Double A at Soul Bowl

The recent Popeyes vs. Chick-fil-A brouhaha seems meaningless after encountering chef Gerard Klass’ ingenious and gleefully over-the-top play on the fried chicken sandwich ($12). The dreamy fried chicken – served in a beyond-generous portion -- possesses that ideal juicy meat/crispy coating juxtaposition, and Klass dresses it in tangy collard greens and mac-and-cheese because, why not? A sweet-hot honey-Sriracha sauce is a welcome finishing touch, and the topper is a gently sweet cornbread bun, its soft texture precluding thoughts of handheld sandwich consumption. In other words, this is another knife-and-fork delicacy, one that’s certainly big enough to share. Another reason to visit: Klass offers a long list of vegetarian, vegan and gluten-free options. Plus, the lavender lemonade ($3) is refreshing as all get-out. 

Brownies at Honey and Rye Bakehouse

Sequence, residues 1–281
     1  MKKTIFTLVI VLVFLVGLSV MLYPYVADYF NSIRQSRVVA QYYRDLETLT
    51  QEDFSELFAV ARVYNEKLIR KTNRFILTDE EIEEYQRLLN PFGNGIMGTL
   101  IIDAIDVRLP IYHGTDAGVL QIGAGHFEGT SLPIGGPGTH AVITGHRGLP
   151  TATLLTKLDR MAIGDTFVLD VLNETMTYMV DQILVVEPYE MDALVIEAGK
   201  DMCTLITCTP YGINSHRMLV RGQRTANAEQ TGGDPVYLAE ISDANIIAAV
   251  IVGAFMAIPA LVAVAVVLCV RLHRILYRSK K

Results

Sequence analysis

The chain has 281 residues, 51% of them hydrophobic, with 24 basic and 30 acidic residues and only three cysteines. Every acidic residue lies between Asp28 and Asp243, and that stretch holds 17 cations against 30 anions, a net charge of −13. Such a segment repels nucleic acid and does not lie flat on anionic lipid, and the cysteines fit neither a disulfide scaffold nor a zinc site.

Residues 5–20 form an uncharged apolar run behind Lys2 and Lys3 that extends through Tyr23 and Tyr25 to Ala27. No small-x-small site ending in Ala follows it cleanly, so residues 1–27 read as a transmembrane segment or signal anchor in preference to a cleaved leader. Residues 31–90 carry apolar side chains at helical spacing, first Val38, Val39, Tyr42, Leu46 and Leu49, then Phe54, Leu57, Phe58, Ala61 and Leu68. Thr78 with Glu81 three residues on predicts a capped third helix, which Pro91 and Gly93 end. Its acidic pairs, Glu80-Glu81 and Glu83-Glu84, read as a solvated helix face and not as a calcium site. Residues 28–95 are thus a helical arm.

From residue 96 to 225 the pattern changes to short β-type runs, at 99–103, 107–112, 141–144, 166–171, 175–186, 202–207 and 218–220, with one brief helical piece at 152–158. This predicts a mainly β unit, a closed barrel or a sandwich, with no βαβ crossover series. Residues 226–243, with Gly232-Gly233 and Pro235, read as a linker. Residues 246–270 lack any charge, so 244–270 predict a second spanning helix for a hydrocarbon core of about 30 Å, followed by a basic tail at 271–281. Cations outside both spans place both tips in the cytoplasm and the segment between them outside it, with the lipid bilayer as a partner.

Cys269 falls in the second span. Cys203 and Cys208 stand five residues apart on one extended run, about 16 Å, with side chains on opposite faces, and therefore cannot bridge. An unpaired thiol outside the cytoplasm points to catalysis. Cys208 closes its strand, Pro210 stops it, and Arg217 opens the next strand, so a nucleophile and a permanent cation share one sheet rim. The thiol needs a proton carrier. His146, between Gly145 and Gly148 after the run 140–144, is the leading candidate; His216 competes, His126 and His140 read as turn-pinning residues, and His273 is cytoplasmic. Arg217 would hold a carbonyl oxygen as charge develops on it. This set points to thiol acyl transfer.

Regulars at the H&R mother ship in St. Louis Park know first-hand that baker Anne Andrus really knows her stuff. Witness the myriad reasons she creates for making an a.m. visit to Graze: sticky caramel-laden pull-aparts; spiraled cinnamon-and-sugar-dusted morning buns; scones enriched with Cheddar and fueled with jalapenos, which constitute a jolt of a wake-up call; thick slices of rich banana bread; and spot-on croissants, some filled with Gruyere and ham, others scented with almond. Outside of breakfast, Andrus has a gift with all kinds of butter-laden sweets, including spongy, can’t-eat-just-one madeleines. A pinnacle Honey and Rye experience is the brownie ($3.25). Sturdy and intensely chocolaty – their bittersweet bite borders on thirst-inducing – they sport a caffeine jolt that rivals that of a double Americano. Andrus’ well-tuned sense of asceticism serves her well, because these fudgy squares are notable for what they don’t have: no mint icing, no “turtle” treatment, nothing to blur their obvious quality. Instead, simplicity rules, to the benefit of brownie connoisseurs and novices alike.